Technological innovation and organisational culture


    John Price considers the impact of technological innovation on Australian business and asks what this means for organisational culture.

    Culture shock

    Technological innovation is rewriting almost every industry including financial services. At the recent ASIC Forum 2016 – Culture Shock , we explored innovation and digital disruption in the financial services sector against a backdrop of what this means for organisational culture.

    Kelly O’Dwyer, Minister for Small Business and Assistant Treasurer, spoke about the National Innovation and Science Agenda and encouraging investment in early-stage venture capital. Minister O’Dwyer emphasised the important role financial technology – or fintech – will play in Australia’s innovation future, and set the scene for discussions on disruptors and the challenges these new business models raise for regulation.

    One disruptive technology that is especially significant for financial services is blockchain, or distributed ledger technology. Blythe Masters, CEO of Digital Asset Holdings, explained the potential for blockchain technology to transform financial markets and infrastructure in the same way the internet transformed access to information.

    The ASX announced it is partnering with Digital Asset Holdings to explore how blockchain could be used to radically reduce its post-trade processing from the current period of two working days. Not only does this have benefits for efficiency and speed, it also has the potential to significantly reduce systemic risk and back-office administration and compliance costs.

    Robo-advice represents another fundamental shift in the way financial services can be delivered. We heard at the ASIC Forum how robo-advice aims to leverage off existing offerings to give consumers access to good-quality, convenient, low-cost, financial advice. ASIC is keen to see a healthy and vibrant digital advice sector and is seeking the industry’s view on our proposed approach to regulating robo-advice.

    ASIC, through its Innovation Hub, has seen a high level of interest from businesses seeking to capitalise on the new “sharing economy” through implementing crowdfunding and marketplace lending initiatives. Panellists indicated that crowdfunding may revolutionise how smaller businesses (and start-ups in particular) access funding. Funds can be raised from a diverse market using online funding platforms in a way that aims to be faster, easier and more accessible than traditional fundraising. A proposed regime for crowdsourced equity funding has been introduced into parliament and a consultation on crowdsourced debt funding will take place later in 2016.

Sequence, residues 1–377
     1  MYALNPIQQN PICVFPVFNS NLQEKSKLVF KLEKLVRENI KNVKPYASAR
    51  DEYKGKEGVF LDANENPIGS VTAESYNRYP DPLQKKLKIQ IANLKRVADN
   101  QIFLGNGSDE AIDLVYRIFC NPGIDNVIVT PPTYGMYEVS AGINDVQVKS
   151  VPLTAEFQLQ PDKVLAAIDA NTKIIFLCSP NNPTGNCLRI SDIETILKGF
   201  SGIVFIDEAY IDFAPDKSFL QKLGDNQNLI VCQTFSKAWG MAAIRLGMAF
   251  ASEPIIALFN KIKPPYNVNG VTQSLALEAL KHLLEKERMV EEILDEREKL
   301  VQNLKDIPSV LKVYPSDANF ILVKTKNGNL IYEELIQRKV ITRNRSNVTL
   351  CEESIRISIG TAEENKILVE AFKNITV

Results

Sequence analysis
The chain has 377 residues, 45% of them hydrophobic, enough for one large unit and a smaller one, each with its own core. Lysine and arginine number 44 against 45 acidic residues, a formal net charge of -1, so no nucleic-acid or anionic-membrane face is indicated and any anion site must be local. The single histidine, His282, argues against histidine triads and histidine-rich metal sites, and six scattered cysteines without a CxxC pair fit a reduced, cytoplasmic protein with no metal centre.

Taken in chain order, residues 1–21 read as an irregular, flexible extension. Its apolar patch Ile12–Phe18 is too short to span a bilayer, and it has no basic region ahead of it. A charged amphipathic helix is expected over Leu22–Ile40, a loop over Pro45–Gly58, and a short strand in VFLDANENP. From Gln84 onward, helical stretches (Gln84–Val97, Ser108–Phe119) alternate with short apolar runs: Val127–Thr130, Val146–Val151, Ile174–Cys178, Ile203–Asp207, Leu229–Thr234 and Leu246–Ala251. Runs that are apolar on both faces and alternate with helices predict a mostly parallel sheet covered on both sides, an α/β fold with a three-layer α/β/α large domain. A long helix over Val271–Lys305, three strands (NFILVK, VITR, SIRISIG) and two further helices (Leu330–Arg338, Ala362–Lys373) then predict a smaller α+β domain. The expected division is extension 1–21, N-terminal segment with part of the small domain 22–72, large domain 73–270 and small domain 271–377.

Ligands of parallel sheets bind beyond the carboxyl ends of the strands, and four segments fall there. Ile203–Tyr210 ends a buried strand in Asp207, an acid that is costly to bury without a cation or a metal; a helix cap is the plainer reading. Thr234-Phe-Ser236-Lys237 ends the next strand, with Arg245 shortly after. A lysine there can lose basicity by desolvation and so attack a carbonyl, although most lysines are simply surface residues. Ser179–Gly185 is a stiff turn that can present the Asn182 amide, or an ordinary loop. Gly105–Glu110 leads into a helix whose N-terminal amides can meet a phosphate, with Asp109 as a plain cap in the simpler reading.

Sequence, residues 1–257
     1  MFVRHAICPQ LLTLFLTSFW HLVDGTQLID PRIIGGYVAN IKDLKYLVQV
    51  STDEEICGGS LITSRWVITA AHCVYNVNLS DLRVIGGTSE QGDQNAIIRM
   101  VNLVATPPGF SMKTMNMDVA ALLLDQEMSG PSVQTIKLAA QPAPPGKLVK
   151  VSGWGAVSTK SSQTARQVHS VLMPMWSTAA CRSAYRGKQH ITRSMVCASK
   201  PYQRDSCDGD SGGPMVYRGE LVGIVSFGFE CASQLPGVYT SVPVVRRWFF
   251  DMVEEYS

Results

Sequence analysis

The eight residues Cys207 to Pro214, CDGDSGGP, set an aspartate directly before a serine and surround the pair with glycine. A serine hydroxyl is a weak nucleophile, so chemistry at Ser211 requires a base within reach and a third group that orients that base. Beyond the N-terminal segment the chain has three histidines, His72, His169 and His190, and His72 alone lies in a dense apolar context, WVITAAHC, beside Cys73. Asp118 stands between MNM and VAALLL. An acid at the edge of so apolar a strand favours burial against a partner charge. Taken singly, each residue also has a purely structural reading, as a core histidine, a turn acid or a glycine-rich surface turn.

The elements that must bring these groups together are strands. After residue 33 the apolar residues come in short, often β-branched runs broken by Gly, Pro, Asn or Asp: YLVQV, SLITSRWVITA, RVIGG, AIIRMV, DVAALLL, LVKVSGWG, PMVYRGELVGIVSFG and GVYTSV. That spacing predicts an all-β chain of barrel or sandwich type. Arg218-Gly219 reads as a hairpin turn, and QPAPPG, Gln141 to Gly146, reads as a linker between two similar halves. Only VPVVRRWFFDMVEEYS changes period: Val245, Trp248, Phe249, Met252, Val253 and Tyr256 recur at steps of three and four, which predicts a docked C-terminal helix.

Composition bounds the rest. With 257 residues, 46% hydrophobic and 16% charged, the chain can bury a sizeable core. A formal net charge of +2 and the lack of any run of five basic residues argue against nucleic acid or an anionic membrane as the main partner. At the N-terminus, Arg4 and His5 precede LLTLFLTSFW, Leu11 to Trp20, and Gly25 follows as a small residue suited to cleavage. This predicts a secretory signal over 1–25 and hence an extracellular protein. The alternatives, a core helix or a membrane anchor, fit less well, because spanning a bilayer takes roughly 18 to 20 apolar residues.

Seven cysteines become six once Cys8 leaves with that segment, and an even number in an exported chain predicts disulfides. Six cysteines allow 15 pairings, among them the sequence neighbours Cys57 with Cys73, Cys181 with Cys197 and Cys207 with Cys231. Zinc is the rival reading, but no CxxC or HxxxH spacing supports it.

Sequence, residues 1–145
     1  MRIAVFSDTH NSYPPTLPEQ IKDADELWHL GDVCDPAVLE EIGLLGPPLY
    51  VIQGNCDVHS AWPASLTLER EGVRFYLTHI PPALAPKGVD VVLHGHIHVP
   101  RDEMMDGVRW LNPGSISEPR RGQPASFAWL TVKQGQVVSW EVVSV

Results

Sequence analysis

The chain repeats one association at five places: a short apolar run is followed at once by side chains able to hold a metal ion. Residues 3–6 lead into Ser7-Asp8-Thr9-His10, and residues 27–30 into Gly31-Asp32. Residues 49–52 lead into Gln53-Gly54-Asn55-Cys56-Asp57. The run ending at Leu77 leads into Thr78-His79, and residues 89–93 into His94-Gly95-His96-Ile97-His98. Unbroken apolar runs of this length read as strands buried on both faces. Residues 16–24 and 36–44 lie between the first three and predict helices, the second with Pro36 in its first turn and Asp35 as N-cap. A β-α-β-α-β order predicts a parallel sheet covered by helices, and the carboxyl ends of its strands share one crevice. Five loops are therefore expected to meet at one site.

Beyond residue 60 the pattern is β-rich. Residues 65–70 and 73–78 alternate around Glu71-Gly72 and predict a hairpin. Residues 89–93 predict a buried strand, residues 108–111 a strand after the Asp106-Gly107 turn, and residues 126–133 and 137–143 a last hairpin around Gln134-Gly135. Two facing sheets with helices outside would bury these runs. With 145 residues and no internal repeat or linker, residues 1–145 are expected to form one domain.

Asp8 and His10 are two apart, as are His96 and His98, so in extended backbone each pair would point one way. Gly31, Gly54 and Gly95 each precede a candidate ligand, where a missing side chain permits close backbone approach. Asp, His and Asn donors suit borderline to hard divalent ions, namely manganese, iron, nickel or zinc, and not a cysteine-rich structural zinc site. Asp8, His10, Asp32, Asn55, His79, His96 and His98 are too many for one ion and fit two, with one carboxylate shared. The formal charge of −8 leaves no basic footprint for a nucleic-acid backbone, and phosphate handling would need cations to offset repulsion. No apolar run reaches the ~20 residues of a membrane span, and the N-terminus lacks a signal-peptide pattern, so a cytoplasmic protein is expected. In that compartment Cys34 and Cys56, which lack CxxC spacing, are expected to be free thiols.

We are yet to see if innovations like blockchain, robo-advice and crowdfunding will drive as much change to Australia’s financial markets as Airbnb and Uber have done to their markets. As a regulator, ASIC seeks to encourage innovation that has the potential to benefit the real economy. ASIC’s recent agreement with the UK’s Financial Conduct Authority is an example of ASIC’s willingness to support innovation. The agreement will help break down barriers to entry both here and in the UK by ensuring more support from financial regulators of innovative fintech companies as they attempt to operate across both our markets.

    How directors steer their company in the face of change will be critical to a company's continued success.

    Managing the risks of change and harnessing the value of innovation are not new concepts. What is new is the scale, breadth and potential for radical change underpinned by digital technology. Technology-driven innovation is going beyond its traditional role of driving efficiencies, to now challenge entire business models and disrupt industry structures. If your business is not already being directly challenged by digital disruption, then it is likely the business of your suppliers or your customers is being impacted – or soon will be. Directors will now need to take a much broader view of the world in which their companies operate, accept that changes may be unpredictable, and be ready to adapt. How directors steer their company in the face of change will be critical to a company’s continued success.

    A key tool in managing the opportunities and risks associated with change is a director’s ability to influence organisational culture. Directors should be questioning how they can set the tone from the top to ensure the right outcomes are delivered. While driving innovation, boards must continue to examine business structure, incentives and the acceptance of poor behaviour as potential challenges to the culture they are seeking to promote.

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